Teenage goalkeeper Anderson hopes new-found Independence leads to England future
The 18-year-old wants to follow the examples of Jadon Sancho and Callum Hudson-Odoi.
Under-17 World Cup winner Curtis Anderson has taken the bold decision to swap Manchester City for life in the United States as he looks to kick on like former England team-mates Jadon Sancho and Callum Hudson-Odoi.
An increasing number of English talents are moving away from home comforts in search of first-team football, yet few young professionals are heading across the Atlantic to take that step.
But Anderson is not your typical 18-year-old.
After all, there are not many goalkeepers that have the self-belief to step up to take a penalty in a major tournament after saving one in the same shootout.
“Well, yeah, it’s ballsy isn’t it!” the Barrow-born shot-stopper said with a laugh when reflecting on that Under-17 World Cup last-16 clash with Japan 18 months ago.
That was a brave move from Anderson – the first of many.
England’s goalkeeper for all but one match in India has moved to the Charlotte Independence of the USL Championship, the second tier of football in America.
Anderson signed a one-year deal with the option of another in North Carolina and is keen not to “waste any time”, having pushed City to tell him that they were letting him go this summer – not that he intended to stay anyway.
“You’ve just got to have a bit of self-belief and have a bit of balls about you to make the move like I have,” Anderson – a player Blackburn were understood to be tracking – told Press Association Sport.
“I could have stayed in England. I could have gone safe and stayed out the end of my contract, collected all my money from City and then took the safe option of reviewing it at the end of the season, start of next season.
“But, like I said, I have showed the belief to move here – which is obviously the other side of the world! – just because I believe that I am good enough to do it and I’ll be able to do well here, which will open up more options for me in the future.”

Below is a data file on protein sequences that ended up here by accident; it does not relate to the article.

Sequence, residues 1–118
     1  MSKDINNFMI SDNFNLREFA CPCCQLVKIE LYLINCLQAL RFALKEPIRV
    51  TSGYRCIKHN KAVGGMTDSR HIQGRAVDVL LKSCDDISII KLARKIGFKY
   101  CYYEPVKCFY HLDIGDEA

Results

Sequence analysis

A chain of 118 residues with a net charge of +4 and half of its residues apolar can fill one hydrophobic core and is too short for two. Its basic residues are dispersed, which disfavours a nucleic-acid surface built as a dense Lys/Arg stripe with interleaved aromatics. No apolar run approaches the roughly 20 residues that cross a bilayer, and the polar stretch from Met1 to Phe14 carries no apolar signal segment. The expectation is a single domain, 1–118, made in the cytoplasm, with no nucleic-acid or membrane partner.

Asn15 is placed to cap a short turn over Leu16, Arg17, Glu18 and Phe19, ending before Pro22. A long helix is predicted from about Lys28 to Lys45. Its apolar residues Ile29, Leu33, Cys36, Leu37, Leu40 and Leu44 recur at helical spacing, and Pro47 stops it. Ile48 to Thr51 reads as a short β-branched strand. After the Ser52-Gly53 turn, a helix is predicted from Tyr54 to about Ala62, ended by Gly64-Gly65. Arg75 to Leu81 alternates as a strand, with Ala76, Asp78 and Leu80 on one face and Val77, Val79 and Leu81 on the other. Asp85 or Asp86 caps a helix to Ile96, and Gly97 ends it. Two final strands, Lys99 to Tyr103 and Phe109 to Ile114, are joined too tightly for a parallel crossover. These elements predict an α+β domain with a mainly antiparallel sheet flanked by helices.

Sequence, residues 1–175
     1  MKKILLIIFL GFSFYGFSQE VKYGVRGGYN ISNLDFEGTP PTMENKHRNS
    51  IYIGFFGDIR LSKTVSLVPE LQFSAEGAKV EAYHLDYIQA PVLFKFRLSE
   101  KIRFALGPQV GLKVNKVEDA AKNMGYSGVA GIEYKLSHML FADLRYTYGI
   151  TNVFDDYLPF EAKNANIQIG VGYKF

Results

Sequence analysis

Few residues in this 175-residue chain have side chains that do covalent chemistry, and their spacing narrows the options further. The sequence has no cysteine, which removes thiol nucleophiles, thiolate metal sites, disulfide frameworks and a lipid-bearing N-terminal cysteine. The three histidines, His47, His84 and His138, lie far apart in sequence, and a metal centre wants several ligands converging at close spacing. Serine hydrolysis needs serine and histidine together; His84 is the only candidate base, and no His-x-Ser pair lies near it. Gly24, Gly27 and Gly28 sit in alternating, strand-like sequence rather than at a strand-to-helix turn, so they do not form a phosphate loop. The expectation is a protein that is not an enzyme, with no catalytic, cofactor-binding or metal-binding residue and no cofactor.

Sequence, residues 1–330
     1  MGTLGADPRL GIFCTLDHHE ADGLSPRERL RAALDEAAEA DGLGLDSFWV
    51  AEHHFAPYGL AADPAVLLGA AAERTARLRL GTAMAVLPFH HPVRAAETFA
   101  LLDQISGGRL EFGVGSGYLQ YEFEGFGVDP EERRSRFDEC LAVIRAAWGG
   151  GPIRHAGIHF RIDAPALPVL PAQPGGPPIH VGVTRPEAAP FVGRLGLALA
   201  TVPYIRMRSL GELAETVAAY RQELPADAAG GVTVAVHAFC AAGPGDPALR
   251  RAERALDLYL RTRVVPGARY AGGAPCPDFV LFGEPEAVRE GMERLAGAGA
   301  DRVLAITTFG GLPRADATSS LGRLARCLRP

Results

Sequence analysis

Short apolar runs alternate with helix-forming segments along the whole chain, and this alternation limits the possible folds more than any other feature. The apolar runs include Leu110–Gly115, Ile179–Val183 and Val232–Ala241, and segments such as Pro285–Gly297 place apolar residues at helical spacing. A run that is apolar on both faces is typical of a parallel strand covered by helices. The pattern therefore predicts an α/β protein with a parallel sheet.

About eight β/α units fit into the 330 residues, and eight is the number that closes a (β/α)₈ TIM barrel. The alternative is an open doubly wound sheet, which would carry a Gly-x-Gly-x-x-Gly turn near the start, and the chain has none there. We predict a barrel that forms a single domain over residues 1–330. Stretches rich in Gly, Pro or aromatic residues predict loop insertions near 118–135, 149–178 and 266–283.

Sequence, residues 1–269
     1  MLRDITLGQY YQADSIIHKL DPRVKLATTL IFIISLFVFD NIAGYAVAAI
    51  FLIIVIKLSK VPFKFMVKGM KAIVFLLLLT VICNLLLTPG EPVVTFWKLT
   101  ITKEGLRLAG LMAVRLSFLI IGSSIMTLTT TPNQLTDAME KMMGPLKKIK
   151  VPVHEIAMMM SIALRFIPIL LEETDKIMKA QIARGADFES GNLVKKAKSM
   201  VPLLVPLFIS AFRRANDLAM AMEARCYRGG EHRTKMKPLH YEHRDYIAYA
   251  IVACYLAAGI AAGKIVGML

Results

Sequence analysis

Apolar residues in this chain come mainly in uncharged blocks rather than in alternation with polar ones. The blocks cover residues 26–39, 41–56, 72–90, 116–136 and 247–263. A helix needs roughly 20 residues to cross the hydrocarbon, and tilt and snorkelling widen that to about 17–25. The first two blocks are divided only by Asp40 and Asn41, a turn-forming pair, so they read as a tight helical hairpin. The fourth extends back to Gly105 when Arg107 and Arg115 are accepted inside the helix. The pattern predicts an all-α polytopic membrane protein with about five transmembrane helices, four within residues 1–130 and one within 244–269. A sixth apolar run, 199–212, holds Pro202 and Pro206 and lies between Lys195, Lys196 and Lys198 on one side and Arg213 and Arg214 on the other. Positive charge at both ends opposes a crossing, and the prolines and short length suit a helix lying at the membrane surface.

It is the kind of confidence and open-mindedness that England manager Gareth Southgate recently pinpointed as being part of the psyche of young players like recent full debutants Sancho and Hudson-Odoi.
“The England set-up now is crazy,” Anderson, who was quick to send his fellow Under-17s World Cup winners congratulatory messages, said.
“The first-team manager, Gareth Southgate, is not afraid to push people up.
“Everyone always says ‘if you’re good enough, you’re old enough’ – and he has clearly proven that he believes that himself, to put trust in the young players.”
Anderson was last with the England youth set-up in November and spoke to the likes of England junior goalkeeping coach Eric Steele and Tim Dittmer, the Football Association’s head of goalkeeping, before making last month’s move.
“As a goalkeeper, your route is obviously very different,” Anderson said. “Jadon got his opportunity to go to the Bundesliga very young at like 17, 18.
“It’s a bit different as an outfield player because he can go there and come off the bench for 20 minutes and really do well, and then next week he’s in the team.
“Whereas as a goalkeeper, you’re never getting that opportunity.
“With me moving to America, it’s the same kind of thing: if I can make a name for myself, it’s just another one of the young lads who can (prove themselves).
“It just shows that you don’t have to be the standard route. With all these lads going on loan, even Emile Smith Rowe to Germany.
“More and more people are realising that England is not just the only place for football because you can make a name for yourself other places.
“It doesn’t have to be there because, if you’re doing well, it doesn’t matter where you are in the world nowadays. Everyone is going to know about it.”
Anderson’s ambition is to play for the England senior team one day and be back in the Premier League within five years.
Right now, though, there is a steely determination to make the most of his time with Charlotte, who he is determined to help win the title while making an individual impact after ending his long association with City.
“I can’t thank City enough,” Anderson said of the club he joined aged 11. “I am not going to lie, I do miss it.
“I am looking back and seeing all the lads, and the banter in the changing room on Snapchat and that.
Had the most amazing 7 years @mancity learning from some of the best coaches in football and having the opportunity to train with some off the best players! Want to say a big thank you to everyone at the club for developing me into the person & player I am today! #MCFC pic.twitter.com/wPfJdgcrHm— Curtis Anderson (@CurtAndo_) March 19, 2019
“But I’m here to do a job and my route is different to their route, so I am starting my route and I am doing it differently and I am going to stick to that.
“Obviously I miss home, miss my mum and dad and everything, but I am just trying to stay as driven and focused as I can because this is the way I am going to do it.”